Updating Lubuntu is also done through Synaptic. After I booted into my Lubuntu desktop, I immediately opened Synaptic and updated my system.

Software Repositories
If you want to add more repositories, click Settings then Repositories in Synaptic. Given what’s available already, it really isn’t necessary to add more software sources. You should be able to find plenty of software in Synaptic.

Adding & Removing Software
To add software, simply find it in Synaptic and click the check box. Then click Mark for Installation, and then confirm when the menu pops up. Then click the Apply button and your software will be installed.

Manage your software with Synaptic.

 

Sound and Multimedia

YouTube & DVDs
You’ll need to install flash to watch YouTube videos in Chromium. I installed it via Synaptic and had no problems running YouTube videos.

If you want to run DVDs, you’ll have to find the appropriate software and install it from another source. It’s not available in Synaptic for legal reasons.

A bunch of hippies at a Zeppelin concert.

Problems & Headaches
I didn’t run into any noticeable problems with Lubuntu. It was very fast and stable, and I didn’t see noticeable bugs or problems.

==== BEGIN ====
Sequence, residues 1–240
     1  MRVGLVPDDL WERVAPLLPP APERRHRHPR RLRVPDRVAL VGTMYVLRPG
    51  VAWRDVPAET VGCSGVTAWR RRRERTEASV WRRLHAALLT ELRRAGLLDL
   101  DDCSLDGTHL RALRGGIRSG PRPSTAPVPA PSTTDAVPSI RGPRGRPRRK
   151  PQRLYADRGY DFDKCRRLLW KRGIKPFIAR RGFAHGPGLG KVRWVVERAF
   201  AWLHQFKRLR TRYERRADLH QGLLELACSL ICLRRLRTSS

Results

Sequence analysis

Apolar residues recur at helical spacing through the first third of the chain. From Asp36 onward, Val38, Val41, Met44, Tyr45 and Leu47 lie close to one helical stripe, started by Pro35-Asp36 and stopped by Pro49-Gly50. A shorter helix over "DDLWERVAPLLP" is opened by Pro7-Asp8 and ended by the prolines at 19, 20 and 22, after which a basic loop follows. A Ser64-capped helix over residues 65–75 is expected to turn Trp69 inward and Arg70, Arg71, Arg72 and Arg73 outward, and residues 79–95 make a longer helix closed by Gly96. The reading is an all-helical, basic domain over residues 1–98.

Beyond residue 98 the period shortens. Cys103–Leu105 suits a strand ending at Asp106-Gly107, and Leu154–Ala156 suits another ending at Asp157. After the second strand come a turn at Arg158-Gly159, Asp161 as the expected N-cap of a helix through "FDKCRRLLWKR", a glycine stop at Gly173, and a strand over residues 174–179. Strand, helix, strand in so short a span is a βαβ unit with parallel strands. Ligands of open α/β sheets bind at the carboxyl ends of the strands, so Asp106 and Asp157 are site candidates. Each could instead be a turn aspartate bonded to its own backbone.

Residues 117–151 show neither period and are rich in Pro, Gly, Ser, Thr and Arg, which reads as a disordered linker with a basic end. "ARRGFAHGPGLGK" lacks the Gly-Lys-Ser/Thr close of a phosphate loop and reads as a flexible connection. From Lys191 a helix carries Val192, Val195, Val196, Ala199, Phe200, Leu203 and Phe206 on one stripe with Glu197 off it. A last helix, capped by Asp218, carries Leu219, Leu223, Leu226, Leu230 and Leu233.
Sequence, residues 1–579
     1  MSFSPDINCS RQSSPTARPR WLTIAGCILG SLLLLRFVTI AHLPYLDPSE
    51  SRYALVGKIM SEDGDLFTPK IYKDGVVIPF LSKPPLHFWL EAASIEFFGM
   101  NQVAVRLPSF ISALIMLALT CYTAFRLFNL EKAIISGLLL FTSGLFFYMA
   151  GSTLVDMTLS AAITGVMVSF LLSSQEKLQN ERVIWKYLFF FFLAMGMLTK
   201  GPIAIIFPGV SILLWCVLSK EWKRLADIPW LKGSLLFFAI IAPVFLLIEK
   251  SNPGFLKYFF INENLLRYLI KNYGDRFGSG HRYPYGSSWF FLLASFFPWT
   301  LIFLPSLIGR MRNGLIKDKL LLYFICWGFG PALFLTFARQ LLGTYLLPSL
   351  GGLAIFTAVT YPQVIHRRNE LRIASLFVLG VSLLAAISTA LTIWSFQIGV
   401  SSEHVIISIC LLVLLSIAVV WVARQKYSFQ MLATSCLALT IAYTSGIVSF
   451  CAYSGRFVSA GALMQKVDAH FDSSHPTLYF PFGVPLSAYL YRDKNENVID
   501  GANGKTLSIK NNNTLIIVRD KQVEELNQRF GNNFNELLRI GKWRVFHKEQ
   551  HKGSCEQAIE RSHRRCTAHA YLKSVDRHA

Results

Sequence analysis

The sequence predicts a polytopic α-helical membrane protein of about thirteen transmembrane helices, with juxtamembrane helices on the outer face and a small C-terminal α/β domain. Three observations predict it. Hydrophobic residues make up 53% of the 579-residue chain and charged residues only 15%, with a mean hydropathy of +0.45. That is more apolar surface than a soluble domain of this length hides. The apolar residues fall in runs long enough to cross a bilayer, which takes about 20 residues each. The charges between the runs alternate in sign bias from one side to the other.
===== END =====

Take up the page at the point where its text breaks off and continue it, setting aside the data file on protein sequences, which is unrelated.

I hate it when this happens since it’s so much more interesting for my readers when I run into one nasty problem or another. Hopefully the next version of Lubuntu will be chock full of horrendous problems and bugs. Just kidding. If you’ve run Lubuntu and see any nasty headaches, please share them in the comments.

Where To Get Help
Please take a moment to register for the DLR forum (registration takes less than a minute and you can login with your Facebook account if you want); everybody is welcome. You are welcome to post a message in the Linux Help section and we’ll do our best to point you in the right direction. The forum contains discussions about Linux, but also many other topics. Please stop by and say hello when you have a chance.